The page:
Here is a pizza oven (with fireplace and smoker system under one hood) built on a five acres wooded property lot plus a swimming pool. The structure has an interesting stainless steel metal roof.
Category: Culinary Gold, kitchen equipment, miscellaneous, ovens, rectangular — Tags: art work, backyard, chimney, fire in oven, fireplace, garden project, metal fabrication, pizza oven, recycled material, roof, scaled —
The base which this oven was placed on is created from 4 pieces of slabs. Steve makes pizzas, bakes bread or cooks more sophisticated dinners in his oven.
This is a new communal oven built. Mike has done already 2 community ovens plus another oven for his own use at home. In addition, Mike currently continues to be a building consultant of couple more oven projects for two different communities. Each of these ovens have the same extended roof as can be seen on this design.
Mike built two ovens already and now he builds a third oven. His own, second for a church community. The 3rd he just started to supervise is at another church in the Minneapolis State. His ovens have extended roof also in the front.
How to use an uncommon shapes of tapered firebricks, plus how to increase the total internal oven width by 2 inches. From 34 inches to 36 inches arch span calculation and how it all corresponds to the rest of the measurements – brick walls of the outside shell, slabs and space for thermal insulation.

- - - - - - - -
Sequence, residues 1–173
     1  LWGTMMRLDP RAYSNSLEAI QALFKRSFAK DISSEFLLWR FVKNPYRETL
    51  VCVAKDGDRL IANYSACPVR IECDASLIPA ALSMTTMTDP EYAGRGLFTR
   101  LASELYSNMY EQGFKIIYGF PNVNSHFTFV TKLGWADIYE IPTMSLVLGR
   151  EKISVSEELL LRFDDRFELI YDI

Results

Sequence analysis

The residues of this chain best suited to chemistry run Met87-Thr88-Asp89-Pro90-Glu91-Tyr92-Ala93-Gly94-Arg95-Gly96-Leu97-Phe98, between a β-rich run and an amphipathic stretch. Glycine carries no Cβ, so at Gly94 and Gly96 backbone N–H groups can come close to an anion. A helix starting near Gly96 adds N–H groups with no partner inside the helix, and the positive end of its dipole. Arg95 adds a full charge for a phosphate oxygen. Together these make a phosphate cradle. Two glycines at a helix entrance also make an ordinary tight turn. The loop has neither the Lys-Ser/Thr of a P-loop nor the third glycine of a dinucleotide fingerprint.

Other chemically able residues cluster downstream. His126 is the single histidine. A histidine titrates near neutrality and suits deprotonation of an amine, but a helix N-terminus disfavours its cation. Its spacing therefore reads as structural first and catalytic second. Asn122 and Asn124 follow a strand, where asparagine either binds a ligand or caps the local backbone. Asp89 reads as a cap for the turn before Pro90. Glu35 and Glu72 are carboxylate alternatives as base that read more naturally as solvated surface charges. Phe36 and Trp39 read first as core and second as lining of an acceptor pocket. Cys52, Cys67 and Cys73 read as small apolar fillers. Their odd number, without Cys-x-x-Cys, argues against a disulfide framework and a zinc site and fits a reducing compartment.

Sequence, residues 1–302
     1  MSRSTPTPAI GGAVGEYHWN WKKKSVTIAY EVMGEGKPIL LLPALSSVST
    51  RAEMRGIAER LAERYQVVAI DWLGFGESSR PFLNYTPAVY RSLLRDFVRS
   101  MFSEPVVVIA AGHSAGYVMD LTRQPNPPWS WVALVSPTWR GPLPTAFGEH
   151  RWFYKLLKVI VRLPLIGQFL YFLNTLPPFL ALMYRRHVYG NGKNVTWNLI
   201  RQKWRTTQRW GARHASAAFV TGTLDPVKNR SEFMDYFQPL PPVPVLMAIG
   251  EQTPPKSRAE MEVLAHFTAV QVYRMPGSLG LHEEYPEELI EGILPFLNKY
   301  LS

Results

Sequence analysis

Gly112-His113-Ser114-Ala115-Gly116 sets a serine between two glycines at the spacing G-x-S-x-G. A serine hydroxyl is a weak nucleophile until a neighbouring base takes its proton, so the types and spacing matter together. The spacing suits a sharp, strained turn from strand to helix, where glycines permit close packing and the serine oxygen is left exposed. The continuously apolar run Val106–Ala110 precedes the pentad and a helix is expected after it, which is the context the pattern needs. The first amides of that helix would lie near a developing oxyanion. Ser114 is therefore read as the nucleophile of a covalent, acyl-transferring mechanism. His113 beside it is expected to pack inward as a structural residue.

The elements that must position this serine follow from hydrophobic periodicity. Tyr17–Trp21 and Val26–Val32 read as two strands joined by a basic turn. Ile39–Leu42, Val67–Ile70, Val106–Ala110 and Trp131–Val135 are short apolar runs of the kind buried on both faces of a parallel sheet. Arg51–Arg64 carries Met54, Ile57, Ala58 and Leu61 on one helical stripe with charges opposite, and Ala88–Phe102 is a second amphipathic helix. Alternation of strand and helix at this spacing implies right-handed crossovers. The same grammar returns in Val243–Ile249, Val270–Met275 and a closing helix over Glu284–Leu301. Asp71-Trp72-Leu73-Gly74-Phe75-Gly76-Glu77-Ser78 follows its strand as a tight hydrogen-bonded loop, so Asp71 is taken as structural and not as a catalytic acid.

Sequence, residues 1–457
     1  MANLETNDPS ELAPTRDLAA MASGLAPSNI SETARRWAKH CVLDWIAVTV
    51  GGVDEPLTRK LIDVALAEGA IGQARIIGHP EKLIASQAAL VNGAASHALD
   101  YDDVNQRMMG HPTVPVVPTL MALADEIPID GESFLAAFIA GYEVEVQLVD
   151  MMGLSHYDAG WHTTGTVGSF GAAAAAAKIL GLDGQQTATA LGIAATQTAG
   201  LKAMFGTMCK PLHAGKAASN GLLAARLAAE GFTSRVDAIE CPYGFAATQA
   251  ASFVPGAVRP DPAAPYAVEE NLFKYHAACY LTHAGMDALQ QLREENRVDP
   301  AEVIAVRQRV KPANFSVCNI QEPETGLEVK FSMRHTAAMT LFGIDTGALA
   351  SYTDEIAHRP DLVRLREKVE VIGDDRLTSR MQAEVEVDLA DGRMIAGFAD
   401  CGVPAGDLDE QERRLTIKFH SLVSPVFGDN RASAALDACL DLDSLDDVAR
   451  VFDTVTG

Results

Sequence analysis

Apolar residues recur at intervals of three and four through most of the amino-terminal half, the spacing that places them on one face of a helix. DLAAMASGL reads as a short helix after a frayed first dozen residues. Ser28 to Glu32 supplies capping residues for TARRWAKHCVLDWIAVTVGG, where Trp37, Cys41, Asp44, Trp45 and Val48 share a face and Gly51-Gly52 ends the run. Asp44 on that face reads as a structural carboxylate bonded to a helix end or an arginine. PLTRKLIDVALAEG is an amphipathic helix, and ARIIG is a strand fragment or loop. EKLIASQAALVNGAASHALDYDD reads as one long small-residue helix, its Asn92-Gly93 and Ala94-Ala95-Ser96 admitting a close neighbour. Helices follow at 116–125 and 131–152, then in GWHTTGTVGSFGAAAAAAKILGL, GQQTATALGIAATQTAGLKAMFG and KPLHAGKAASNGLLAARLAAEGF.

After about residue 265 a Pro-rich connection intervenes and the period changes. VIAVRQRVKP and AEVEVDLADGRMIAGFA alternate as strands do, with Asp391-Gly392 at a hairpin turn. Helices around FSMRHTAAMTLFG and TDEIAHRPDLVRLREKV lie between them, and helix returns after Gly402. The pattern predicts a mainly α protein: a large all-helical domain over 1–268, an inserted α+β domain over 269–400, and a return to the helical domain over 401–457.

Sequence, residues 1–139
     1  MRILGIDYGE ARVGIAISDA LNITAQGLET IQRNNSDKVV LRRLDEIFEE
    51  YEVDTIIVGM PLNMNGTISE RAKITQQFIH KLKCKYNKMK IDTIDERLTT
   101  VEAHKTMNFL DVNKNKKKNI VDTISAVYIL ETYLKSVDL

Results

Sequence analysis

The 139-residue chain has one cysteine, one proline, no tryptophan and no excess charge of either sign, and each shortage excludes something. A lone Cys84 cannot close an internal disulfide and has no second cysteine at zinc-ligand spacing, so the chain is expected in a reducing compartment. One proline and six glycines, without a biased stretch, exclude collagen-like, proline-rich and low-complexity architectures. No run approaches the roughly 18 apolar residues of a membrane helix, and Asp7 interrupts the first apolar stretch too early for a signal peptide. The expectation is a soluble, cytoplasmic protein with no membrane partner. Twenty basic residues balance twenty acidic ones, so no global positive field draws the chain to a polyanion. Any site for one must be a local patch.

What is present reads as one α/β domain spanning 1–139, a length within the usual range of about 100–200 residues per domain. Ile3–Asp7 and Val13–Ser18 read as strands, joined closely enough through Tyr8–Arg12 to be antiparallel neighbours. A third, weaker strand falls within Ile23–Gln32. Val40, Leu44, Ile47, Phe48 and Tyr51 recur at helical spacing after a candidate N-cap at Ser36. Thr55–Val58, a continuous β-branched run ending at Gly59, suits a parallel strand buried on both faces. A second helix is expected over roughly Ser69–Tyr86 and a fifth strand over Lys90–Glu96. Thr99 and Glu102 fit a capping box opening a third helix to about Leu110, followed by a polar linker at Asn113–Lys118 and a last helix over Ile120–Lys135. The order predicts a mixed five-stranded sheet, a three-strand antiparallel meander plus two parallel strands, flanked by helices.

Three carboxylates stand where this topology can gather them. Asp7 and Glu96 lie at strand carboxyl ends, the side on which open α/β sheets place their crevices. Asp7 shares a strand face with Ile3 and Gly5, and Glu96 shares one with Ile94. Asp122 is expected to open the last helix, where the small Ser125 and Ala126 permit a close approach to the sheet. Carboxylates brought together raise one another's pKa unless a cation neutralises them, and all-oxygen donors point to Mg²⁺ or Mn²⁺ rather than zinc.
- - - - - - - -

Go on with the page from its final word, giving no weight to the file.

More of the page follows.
Solid granite arches were set into brick walls and most of the other material for building of this oven, such as bricks, was reclaimed, practically reused again.
This pizza oven, as it was designed, is being heated by venting the heat into the oven through one channel from the fireplace below. The adjacent pool uses fiber optics to deliver colors of light.
I had no previous training in building trades. Nor I would take a course to learn how to build with bricks or work with building tools. Still I built my oven and the surrounding area.
Instead of making roof, I spread a layer of concrete over the vermiculite insulation. Around the brick chimney I put expansion joint material which was sealed at the end with a flexible sealant.
I had a thought, if the 8*7*2 inch proper HEAVY fire bricks are supposed to be used to protect the industrial grade kiln steel shell, operated by a big cement company, I should be able to use them for building both the floor and the ceiling on my small in comparison brick oven.